I write fiction with hints of whimsy, glimmers of fantasy, and strokes of the supernatural. My debut novel, CURIO, a young adult steampunk fantasy, sets coming of age and first love against the backdrop of steam-propelled greed and societal repression.
Story is on my heart and in my blood. My mother, best-selling novelist Donita K. Paul, raised my brother and me to love the written word, and there was never a time when the craft of writing wasn't part of my life whether it was making stories out of my required vocabulary sentences at school or reading the Brontes, Anne Rice, or Patricia Veryan.
After college I focused mainly on raising my young boys, but in 2006 a miscarriage shook me. I began writing novels and found healing and a reconnection to my creative soul. Ten years and five novels later, I've found my heartbeat in Young Adult fiction and speculative elements that allow me to translate my faith in metaphor and symbolism.
I'm passionate about sharing the message that we are beautiful, accepted, and strong the way we are, and yet there is no shame in our vulnerability and struggles. Funny that I would choose to champion authenticity through fantastical fiction.
In the real world, when I'm not writing, I love spending time with my husband, boys, and our house full of animals. We're a geeky household so it's Star Wars and Marvel and Minecraft and I couldn't be happier with those fandom choices. My husband, also an artist despite his convincing engineer cover, has joined my fictional worlds by brainstorming, beta reading, and lately, creating his own Steampunk art. I love nothing more than to rummage through antique shops and watch the maker in him come alive.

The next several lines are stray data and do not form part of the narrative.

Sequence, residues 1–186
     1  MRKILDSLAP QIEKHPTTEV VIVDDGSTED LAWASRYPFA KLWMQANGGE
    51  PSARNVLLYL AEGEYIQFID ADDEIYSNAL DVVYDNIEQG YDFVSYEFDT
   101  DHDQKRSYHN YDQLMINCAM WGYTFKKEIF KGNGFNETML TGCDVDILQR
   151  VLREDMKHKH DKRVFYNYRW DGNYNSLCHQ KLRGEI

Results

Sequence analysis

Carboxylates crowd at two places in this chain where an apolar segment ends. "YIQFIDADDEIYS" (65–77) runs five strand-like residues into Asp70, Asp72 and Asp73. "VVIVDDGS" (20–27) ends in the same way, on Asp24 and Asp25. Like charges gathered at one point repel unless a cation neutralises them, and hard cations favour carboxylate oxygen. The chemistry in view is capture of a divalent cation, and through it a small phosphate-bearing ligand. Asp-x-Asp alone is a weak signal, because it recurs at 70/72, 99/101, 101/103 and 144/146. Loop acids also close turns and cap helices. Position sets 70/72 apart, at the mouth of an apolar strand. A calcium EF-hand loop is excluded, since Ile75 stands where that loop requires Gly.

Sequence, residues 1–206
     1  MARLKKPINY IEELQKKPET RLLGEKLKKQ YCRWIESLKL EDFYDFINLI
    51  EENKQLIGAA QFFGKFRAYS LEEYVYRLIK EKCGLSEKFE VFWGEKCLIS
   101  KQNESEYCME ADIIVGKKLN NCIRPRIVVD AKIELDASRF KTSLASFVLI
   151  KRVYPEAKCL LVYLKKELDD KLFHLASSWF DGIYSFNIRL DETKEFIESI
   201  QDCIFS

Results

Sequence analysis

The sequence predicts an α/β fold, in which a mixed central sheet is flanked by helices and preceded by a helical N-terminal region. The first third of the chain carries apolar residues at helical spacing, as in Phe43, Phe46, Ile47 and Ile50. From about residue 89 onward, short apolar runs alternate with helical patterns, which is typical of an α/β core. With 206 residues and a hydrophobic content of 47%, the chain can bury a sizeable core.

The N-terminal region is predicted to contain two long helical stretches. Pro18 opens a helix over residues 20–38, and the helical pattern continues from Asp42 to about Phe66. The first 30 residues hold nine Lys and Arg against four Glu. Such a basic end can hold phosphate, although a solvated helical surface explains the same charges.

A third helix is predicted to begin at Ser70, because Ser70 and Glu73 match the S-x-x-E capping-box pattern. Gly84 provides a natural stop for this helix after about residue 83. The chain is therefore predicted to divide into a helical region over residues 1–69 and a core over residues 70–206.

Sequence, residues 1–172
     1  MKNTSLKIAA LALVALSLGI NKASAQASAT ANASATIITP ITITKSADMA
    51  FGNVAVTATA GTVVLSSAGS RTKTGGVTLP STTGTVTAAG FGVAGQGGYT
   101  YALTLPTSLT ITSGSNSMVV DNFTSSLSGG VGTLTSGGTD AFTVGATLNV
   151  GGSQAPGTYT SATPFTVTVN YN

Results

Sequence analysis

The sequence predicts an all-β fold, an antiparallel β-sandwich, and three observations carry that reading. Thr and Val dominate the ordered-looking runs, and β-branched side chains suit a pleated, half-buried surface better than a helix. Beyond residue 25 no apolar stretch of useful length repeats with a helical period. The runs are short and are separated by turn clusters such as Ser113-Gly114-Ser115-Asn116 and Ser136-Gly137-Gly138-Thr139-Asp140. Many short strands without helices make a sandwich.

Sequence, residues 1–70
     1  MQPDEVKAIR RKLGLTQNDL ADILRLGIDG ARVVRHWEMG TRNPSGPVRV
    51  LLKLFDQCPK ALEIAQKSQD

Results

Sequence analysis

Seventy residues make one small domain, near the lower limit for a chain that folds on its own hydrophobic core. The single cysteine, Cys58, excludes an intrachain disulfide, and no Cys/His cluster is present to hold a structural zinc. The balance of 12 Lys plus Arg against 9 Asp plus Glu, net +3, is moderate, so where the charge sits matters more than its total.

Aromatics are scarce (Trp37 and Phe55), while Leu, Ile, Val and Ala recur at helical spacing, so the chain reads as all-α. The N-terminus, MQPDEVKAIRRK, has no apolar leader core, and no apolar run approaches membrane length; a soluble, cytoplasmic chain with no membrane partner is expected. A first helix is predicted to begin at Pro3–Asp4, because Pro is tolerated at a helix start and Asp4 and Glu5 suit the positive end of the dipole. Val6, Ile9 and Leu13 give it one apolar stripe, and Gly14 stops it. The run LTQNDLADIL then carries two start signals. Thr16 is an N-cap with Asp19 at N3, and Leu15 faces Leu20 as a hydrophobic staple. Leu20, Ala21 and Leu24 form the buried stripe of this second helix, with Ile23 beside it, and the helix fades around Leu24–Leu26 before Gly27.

About my Faith
Narnia and Middle Earth shaped my faith almost as much as my mom's nightly Bible readings. To have a concept of God that includes a lion who isn't safe and the epic scope of good versus evil in Lord of the Rings and then to encounter legalism in churches and private Christian schools made for confusion and frustration with evangelicalism. The angry God I saw represented and the rules--particularly those that sent harmful messages about my body--did not fit in the big, wild picture I had of a universe of infinite story and the Deep Magic behind it all. Seriously, there were more important things than whether my skirt made it all the way down my long legs to my knees and why weren't we talking about fairies more?
I rebelled, not against God but against standards I found ridiculous. I had fun, got in trouble, wore combat boots and listened to The Cranberries, U2, and Nirvana. I know, the horror.
Looking back on that now, I understand that it is safe and good to question things because in that exploration you discover truth, parameters that make sense, and the real freedom that is grace. Questioning and rebellion against repression are part of any "punk" genre, and in writing from that mindset I feel challenged and alive. I'm thankful for the wide, wonderful faith base I received as a child, and even for the years I spent in legalism because they flavor my writing with the pursuit of individuality and a broader understanding of the mysteries of God.
The biggest problem facing Christian artists today?
We are so afraid He will abandon us, and so we put Him in everything with our hands and our mouths and our rules, but the truth is He was always there. He is in the story I haven't written yet. He is in the song with curses and naked longing. He is in the disturbing art that asks, "Why, why, why?"
We must let go of our fear and belief that if we don't say His name He will disappear and instead approach art with the glorious anticipation of meeting Him in ways new to us, but not to Him.